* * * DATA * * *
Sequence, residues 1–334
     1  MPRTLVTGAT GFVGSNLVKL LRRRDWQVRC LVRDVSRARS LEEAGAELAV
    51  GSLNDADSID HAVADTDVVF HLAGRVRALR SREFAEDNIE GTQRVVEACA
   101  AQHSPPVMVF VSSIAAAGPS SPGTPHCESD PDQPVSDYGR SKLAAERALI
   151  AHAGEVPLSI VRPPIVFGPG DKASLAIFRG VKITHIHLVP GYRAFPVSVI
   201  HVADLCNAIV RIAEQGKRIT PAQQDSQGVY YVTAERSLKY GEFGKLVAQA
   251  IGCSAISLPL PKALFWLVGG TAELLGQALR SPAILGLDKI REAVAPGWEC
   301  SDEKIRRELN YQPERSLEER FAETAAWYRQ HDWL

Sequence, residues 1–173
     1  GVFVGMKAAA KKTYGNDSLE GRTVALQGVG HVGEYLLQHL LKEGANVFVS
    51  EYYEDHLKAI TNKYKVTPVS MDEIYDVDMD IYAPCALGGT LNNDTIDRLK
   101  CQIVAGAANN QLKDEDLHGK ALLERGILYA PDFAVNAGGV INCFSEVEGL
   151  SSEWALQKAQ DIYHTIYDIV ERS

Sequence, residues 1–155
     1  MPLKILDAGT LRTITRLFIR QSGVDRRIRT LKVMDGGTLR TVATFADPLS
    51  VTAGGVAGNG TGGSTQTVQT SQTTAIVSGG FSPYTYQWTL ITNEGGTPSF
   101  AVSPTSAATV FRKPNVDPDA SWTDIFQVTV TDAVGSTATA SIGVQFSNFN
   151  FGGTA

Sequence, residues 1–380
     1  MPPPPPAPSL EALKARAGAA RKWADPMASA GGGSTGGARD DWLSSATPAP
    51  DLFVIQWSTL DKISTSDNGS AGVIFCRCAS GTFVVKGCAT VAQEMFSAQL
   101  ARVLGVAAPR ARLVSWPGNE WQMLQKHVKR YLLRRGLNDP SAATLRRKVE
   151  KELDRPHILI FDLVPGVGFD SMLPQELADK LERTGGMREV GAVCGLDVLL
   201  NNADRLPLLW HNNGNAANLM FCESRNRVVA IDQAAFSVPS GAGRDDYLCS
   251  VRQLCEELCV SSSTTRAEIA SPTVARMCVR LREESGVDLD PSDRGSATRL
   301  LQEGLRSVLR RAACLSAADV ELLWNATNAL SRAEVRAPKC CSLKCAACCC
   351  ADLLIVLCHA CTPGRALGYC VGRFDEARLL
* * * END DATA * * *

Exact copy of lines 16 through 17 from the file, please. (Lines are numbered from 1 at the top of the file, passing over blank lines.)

    51  VTAGGVAGNG TGGSTQTVQT SQTTAIVSGG FSPYTYQWTL ITNEGGTPSF
   101  AVSPTSAATV FRKPNVDPDA SWTDIFQVTV TDAVGSTATA SIGVQFSNFN